Cycling UK: Yes. During the coronavirus outbreak, key workers are encouraged to cycle to work and avoid public transport if you can. The roads should be quieter. Stay at least 2 metres away from other people, including cyclists, at all times. You should carry tissues to use when cycling, disposing of them safely in a bin as soon as possible. Upon arriving, you must wash your hands. It’s also advisable to wash your cycling gloves, too. Remember to avoid touching your face if your hands are not clean. For more information, see our commuting advice for key workers. Cycling UK is also offering three months' free membership, including free third-party liability insurance, for health and social care workers.
Cycling UK: Yes. Buying essential shopping is one of the "reasonable excuses" to leave your home under the current emergency legislation, and there is no reason not to make the journey by bike as long as you observe social distancing rules. Indeed, doing so is a healthy – and fun – option that also reduces unnecessary vehicle traffic and pressure on public transport. The World Health Organization recommends that people should consider walking or cycling for essential journeys whenever feasible. Advice from UK governments also emphasises that it is desirable to combine reasons for leaving the house (eg taking exercise and shopping) into a single trip, to reduce the amount you need to leave home.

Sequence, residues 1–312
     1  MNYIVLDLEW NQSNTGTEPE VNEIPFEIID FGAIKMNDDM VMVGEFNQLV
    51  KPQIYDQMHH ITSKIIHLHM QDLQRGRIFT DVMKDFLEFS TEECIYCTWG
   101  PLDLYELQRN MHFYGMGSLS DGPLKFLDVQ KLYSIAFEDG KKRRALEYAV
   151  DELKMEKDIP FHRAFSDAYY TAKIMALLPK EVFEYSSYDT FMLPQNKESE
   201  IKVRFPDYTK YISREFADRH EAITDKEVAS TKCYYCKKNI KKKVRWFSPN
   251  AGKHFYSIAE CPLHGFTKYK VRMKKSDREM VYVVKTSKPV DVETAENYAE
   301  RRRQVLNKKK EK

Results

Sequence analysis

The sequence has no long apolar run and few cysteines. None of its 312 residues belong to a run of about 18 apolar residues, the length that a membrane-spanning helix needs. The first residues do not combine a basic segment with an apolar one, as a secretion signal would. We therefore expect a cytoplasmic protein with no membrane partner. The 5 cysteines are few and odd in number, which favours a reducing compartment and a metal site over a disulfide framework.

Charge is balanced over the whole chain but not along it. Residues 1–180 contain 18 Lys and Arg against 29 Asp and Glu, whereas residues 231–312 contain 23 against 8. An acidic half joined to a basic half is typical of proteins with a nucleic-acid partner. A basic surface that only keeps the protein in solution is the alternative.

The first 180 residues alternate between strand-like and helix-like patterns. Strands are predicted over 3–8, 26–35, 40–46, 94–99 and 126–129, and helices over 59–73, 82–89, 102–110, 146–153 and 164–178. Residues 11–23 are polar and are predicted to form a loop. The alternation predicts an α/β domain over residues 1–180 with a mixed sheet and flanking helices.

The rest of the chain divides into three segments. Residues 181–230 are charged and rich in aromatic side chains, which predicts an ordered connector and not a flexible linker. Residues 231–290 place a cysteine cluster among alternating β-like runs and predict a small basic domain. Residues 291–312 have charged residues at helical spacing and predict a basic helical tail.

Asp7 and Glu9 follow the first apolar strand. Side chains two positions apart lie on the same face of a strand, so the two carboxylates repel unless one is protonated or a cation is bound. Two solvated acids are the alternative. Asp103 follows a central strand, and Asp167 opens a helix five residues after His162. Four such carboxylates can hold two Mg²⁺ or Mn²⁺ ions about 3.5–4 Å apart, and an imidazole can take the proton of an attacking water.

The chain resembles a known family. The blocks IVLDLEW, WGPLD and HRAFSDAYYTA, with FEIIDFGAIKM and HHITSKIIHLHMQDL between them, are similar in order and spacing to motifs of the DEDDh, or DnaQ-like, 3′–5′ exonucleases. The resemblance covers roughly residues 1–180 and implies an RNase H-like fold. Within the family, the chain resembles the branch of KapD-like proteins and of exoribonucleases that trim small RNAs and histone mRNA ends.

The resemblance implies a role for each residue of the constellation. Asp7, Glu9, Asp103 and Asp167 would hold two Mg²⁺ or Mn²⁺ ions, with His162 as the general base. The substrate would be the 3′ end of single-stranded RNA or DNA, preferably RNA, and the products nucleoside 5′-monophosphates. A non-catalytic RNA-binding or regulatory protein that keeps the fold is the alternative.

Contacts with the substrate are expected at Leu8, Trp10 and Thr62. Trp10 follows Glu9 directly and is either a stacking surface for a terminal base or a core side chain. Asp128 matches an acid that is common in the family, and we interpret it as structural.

PHE: Yes, as long as you are feeling well and neither of you are showing any symptoms. Follow the guidelines for social distancing.
You should carry tissues to use when cycling, disposing of them safely in a bin as soon as possible.
Upon returning home, you must wash your hands. It’s also advisable to wash your cycling gloves, too.
Remember to avoid touching your face if your hands are not clean.
Cycling UK: This depends on where in the UK you live. Follow the country-specific advice in our Q&A, and check back regularly for updated information.
KH: Yes, assuming you live in the same household as them. If you are all well and not self-isolating (because of symptoms of a cough or fever), then you are not a risk to each other.
It's therefore safe to go for a ride together with the usual social distancing and hygiene precautions outlined above.
KH: Provided they are old enough to go out alone, they must demonstrate that they understand social distancing and observe the sensible rules of keeping two metres away from others and observing hygiene rules. [NB since this answer was given, the social distancing guidelines in Northern Ireland have reduced this distance to one metre.]
Encourage them to wash their hands and gloves when they get home.
DD: Individual governments across the UK have different positions on this question, which are summarised in our nation-by-nation advice.
Acknowledging that there are differences in the guidance across the UK, Cycling UK’s advice is that at this time, we all need to resist the temptation to drive to ‘honeypot’ locations – particularly over long distances – in order to get our daily dose of physical activity. Unfortunately, these are the places where we’re most likely to encounter crowds, and possibly place pressure on the emergency services too.